Simon Richardson steps through a portal to Japanese fine dining at Meanwood’s most exclusive restaurant.
Meanwood is proper cool, innit? It wasn’t always thus, believe me – but you know what they say about the effect of a Waitrose on an area. It’s got a real buzz to it, from the relaxed home cooking atmosphere of the brilliant Zucco, to the cool-yet-unpretentious vibe of Terminus.
Meanwood isn’t twattish enough to exclude, nor is it too sedate for a Friday night by any means. In fact, these days, it’s my favourite Leeds suburb.
Like someone has melted a cow and turned it into sliced meat butter
But amongst these trendy, teeming venues sits a complete outlier – a place that only seats five, keeps its blinds down at all times, and feels like walking into a spa: HanaMatsuri.
We’ve reviewed HanaMatsuri before, but its most recent incarnation offers something completely different in its omakase dining experience – or “chef’s choice” if you like.
Oh, and if you don’t want to read all the way down to the bottom, I’ll save you a job right now. It’s absolutely incredible.
It’s almost unavoidable that your first experience of HanaMatsuri is slightly jarring, unless you’ve teleported in from Japan. It’s so at odds with the rest of Meanwood that you can’t not feel a bit unnerved and intimidated. It takes a while to settle in and relax, but Chef Kaoru Nakamura is clearly aware of this, leaving you in the capable hands of the two excellent waitresses and waiting until the second section of the menu is underway to truly engage.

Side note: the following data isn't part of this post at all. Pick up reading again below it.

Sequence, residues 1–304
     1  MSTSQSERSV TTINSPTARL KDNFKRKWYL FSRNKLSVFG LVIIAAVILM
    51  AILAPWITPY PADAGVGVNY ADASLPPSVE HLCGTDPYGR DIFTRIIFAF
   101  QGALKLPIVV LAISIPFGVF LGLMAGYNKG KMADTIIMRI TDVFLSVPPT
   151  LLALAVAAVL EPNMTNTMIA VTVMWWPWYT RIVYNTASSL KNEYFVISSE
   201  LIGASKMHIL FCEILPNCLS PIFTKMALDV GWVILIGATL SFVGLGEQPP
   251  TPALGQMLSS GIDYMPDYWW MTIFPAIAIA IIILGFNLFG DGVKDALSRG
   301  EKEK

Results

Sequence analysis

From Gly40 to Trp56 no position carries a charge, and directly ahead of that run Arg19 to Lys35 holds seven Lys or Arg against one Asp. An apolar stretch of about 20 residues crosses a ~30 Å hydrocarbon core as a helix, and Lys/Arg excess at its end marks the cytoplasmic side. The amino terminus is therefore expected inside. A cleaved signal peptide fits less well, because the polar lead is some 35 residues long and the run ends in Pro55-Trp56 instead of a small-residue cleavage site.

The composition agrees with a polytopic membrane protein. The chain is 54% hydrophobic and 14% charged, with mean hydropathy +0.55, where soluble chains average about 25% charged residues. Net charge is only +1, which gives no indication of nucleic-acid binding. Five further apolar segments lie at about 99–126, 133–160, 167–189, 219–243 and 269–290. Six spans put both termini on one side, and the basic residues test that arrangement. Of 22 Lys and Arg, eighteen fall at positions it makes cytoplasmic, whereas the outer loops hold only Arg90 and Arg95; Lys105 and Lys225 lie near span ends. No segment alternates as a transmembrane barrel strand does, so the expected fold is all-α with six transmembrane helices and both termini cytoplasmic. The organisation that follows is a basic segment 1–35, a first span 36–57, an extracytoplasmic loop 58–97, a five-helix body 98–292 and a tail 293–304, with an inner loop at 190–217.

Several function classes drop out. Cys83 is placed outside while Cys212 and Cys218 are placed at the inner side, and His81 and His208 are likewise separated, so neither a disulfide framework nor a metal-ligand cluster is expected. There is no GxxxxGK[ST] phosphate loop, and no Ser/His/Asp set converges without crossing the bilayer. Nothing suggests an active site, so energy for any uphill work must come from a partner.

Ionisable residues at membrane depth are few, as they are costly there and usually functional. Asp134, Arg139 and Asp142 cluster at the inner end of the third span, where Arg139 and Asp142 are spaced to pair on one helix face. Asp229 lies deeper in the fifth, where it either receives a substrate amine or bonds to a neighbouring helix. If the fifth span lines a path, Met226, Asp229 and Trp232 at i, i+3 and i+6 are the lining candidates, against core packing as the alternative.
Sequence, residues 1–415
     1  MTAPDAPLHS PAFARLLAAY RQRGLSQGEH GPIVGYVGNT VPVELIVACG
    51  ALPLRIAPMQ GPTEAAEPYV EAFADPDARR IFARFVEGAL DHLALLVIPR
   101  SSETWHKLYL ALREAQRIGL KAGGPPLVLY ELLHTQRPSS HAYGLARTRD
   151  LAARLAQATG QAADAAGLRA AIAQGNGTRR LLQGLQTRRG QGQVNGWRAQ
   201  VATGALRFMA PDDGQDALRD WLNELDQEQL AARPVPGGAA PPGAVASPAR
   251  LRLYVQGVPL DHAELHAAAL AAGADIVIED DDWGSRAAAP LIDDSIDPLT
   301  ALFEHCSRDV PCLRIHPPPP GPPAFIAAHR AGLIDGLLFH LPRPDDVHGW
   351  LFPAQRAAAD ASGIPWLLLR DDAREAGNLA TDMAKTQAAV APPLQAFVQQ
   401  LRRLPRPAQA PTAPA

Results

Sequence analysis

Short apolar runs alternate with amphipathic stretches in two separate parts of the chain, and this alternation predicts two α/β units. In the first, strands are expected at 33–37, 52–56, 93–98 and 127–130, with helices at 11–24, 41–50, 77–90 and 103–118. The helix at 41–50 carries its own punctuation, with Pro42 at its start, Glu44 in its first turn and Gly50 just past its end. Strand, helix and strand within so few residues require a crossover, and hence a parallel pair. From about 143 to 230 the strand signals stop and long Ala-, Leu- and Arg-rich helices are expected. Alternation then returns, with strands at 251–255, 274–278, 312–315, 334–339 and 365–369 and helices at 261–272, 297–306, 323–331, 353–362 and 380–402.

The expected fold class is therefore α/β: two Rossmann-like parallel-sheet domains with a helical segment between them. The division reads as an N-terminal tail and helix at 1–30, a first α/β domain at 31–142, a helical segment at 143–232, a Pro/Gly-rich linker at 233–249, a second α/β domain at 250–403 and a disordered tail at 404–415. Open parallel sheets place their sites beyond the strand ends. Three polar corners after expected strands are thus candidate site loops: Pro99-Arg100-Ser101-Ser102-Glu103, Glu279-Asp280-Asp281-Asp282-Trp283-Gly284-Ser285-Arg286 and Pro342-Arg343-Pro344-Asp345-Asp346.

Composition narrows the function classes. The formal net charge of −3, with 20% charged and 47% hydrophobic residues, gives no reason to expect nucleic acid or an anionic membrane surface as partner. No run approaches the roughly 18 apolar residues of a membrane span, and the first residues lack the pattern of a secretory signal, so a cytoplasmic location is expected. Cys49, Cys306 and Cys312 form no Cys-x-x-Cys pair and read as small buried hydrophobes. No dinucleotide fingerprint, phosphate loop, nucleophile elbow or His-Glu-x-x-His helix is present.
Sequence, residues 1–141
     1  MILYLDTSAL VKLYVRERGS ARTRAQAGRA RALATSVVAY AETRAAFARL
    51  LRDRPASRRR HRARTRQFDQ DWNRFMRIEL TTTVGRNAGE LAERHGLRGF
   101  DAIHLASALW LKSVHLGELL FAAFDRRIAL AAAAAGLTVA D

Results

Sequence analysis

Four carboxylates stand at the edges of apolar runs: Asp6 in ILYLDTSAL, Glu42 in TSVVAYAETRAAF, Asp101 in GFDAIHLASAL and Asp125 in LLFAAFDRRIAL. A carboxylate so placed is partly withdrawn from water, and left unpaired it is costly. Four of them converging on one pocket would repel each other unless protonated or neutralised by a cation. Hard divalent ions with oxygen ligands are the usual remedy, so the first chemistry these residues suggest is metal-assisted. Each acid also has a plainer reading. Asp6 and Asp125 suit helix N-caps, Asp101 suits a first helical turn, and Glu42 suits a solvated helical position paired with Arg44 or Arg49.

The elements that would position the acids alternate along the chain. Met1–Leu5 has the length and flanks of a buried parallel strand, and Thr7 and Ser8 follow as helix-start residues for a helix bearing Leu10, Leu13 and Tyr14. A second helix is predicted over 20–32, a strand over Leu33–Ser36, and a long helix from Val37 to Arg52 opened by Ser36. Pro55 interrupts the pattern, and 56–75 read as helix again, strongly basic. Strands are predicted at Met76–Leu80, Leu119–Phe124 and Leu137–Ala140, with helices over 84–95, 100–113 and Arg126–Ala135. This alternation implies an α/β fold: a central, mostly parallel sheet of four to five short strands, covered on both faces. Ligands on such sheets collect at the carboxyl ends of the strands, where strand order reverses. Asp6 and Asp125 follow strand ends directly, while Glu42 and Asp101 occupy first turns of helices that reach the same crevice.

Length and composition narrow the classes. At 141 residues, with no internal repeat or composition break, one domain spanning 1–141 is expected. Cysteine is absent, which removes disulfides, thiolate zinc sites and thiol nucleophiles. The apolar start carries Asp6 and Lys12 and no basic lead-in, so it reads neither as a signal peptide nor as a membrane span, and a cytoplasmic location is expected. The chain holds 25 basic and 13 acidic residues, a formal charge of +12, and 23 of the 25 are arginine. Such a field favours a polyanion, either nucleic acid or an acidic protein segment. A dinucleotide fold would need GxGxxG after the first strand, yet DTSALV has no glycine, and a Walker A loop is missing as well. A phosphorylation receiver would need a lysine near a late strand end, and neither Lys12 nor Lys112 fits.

It has to be said that one of the greatest strokes of genius that HanaMatsuri has pulled, is keeping those blinds down. It forces you into that small portal to Japan, no ifs, ands, or buts – and the result is all the more ethereal for it.
So, on to the menu then – 23 "courses" (26 if you order the extras – and if you don’t, you’re absolutely crazy) of sheer mastery. To be honest, it’s so good that I can barely find the words to describe it – problematic when you’ve been tasked with writing a review.
The first section of the meal is all about contrasting textures. From two precise pieces of crunchy spider crab tempura to shiny slivers of wafer-thin, impossibly delicate slices of Ike Jime (look it up – it’s fascinating) sea bass, then a smooth, creamy monkfish liver - elevated by the slight pepperiness of radish and spring onion, followed by smoky grilled Ling with a pickled burdock - are you keeping up? The chef and the staff are. It’s so meticulous, you can’t take your eyes off it.
Then, the first optional special – presented as a sharing plate. Now listen here: the wagyu is simply ridiculous, like someone has melted a cow and turned it into sliced meat butter. I’m not sure I’ve ever tasted anything better. You know when a dish is truly exceptional because you find yourself laughing at the sheer ridiculousness of it while you’re still eating it. I cradle it lovingly in my mouth, never wanting to let go of the creaminess.